The study, conducted by Positive Outcomes, a nationally based government-funded training and apprenticeships provider, questioned 227 young adults aged between 16 and 24, as part of research ahead of 2016 Apprenticeship Week. The most eye catching finding of the study revealed 22% of respondents feared that an apprenticeship set them on a career path that they’d have to stick with for life.
Kelly Ball, joint managing directing of Positive Outomes, said: “The apprenticeship star is on the rise, but a big element holding apprenticeships back from becoming the go to educational career route is the misconceptions that surround them. One of the more surprising we uncovered during our research indicated a fifth of prospective apprentices believed their career path was set in stone were they to take up an apprenticeship. This certainly suggests that work needs to be done to dispel these myths!”
Respondents to the study were asked “Why do you think young adults are put off by the idea of doing an apprenticeship?” and asked to select from a list of potential options, ticking all that applied.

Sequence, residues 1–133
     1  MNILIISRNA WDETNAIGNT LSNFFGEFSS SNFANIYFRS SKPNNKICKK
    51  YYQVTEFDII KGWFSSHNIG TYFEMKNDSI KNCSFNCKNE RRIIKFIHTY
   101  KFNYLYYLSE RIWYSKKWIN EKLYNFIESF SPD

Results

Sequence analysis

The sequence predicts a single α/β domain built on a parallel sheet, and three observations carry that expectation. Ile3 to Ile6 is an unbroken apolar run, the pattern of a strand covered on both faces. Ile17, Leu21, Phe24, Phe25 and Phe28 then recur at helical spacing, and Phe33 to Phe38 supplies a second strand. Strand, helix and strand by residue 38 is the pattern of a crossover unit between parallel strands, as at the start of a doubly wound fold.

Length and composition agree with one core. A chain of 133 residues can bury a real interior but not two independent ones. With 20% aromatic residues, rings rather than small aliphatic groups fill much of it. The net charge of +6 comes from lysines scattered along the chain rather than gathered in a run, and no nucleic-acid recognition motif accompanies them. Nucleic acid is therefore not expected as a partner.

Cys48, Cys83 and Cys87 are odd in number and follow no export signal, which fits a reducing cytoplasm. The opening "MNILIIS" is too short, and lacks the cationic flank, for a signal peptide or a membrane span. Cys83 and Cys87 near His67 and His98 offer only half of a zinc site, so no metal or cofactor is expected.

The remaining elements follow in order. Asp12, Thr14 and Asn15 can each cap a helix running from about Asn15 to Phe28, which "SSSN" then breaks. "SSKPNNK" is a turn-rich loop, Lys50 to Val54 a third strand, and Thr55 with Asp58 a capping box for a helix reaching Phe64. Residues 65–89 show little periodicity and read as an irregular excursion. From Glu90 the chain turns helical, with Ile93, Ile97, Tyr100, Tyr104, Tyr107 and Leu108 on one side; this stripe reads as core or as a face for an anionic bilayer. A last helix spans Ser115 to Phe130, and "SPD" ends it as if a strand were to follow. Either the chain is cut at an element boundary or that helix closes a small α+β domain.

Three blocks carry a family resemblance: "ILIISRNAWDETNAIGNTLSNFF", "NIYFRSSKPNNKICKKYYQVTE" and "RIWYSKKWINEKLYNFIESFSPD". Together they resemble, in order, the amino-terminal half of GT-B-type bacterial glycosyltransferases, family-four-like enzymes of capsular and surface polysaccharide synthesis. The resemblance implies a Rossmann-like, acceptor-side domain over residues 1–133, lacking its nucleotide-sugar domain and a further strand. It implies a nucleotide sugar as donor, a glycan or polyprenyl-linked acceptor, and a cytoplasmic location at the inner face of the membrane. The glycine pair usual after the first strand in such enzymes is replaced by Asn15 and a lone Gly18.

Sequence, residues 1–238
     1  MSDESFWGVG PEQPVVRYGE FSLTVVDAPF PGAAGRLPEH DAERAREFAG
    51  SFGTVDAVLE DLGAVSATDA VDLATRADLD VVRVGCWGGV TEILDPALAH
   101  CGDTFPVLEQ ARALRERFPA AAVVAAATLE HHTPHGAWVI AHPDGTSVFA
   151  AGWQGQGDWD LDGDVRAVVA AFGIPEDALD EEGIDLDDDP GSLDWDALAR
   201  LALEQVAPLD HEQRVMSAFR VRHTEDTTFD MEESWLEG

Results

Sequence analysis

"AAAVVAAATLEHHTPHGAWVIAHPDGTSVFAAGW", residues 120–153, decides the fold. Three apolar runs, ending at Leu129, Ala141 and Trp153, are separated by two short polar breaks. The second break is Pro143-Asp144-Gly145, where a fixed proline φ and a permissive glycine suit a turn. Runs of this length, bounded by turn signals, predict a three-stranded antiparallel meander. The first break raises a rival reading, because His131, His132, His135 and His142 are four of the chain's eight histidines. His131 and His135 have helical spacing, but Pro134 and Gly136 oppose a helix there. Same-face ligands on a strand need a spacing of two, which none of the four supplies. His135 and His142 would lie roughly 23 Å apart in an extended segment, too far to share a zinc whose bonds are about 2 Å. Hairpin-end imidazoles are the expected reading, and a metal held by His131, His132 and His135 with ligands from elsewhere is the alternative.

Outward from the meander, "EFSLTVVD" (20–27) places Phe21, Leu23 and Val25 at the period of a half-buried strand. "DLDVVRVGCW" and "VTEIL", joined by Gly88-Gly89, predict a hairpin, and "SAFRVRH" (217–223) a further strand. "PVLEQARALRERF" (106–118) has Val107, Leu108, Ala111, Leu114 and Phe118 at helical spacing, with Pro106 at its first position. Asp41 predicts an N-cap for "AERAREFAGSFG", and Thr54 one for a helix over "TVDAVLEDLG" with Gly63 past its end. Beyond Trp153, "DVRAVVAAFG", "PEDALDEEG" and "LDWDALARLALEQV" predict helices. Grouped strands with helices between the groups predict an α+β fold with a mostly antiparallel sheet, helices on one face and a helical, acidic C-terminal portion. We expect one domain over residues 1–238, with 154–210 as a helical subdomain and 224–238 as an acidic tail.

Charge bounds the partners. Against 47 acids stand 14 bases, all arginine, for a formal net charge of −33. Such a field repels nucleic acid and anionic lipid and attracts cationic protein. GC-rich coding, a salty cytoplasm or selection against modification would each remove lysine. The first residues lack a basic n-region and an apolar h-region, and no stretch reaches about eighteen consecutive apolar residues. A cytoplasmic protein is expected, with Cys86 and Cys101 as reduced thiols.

In addition to the 22% who thought doing an apprenticeship meant they had to work in that industry for life, the study also revealed that 88% felt ‘wages were too low’. 41% were concerned apprenticeships ‘aren’t seen as a proper job’, whilst 30% assumed they’d be ‘earning more after going to university’ than through doing an apprenticeship.
Kelly said: “Apprenticeships have long been associated with the stigma of poor wages, and it’s clear that stigma is still firmly in place. People need to realise though that in 2016, this simply isn’t the case. Many apprenticeship providers are keen to bring in the right talent at a young age in order to nurture their abilities. You’ll often find employers are willing to pay more in a competitive marketplace. It’s also important to bear in mind there are no associated costs with an apprenticeship – you are literally paid to learn, so elements such as university tuition fees aren’t a factor. Competition for graduate jobs is fierce, but apprentices have invaluable practical experience which simply can’t be replicated in any other learning environment.”
She continued: “Other elements uncovered by the survey demonstrate similar falsehoods. Apprenticeships are a proper job. Those on apprenticeship schemes are treated in the same manner as any other employee and, in our experience, the vast majority end up with permanent employment at the end of their apprenticeship.”
Kelly concluded: “To come back to our opening statistic though, the fact one in five think doing an apprenticeship pigeon holes you for life is a worrying point. This couldn’t be further from the truth. Apprenticeships provide you with fantastic transferable skills and unparalleled business experience. What you learn as an apprentice will put you in good stead for the rest of your career, whatever that happens to be.”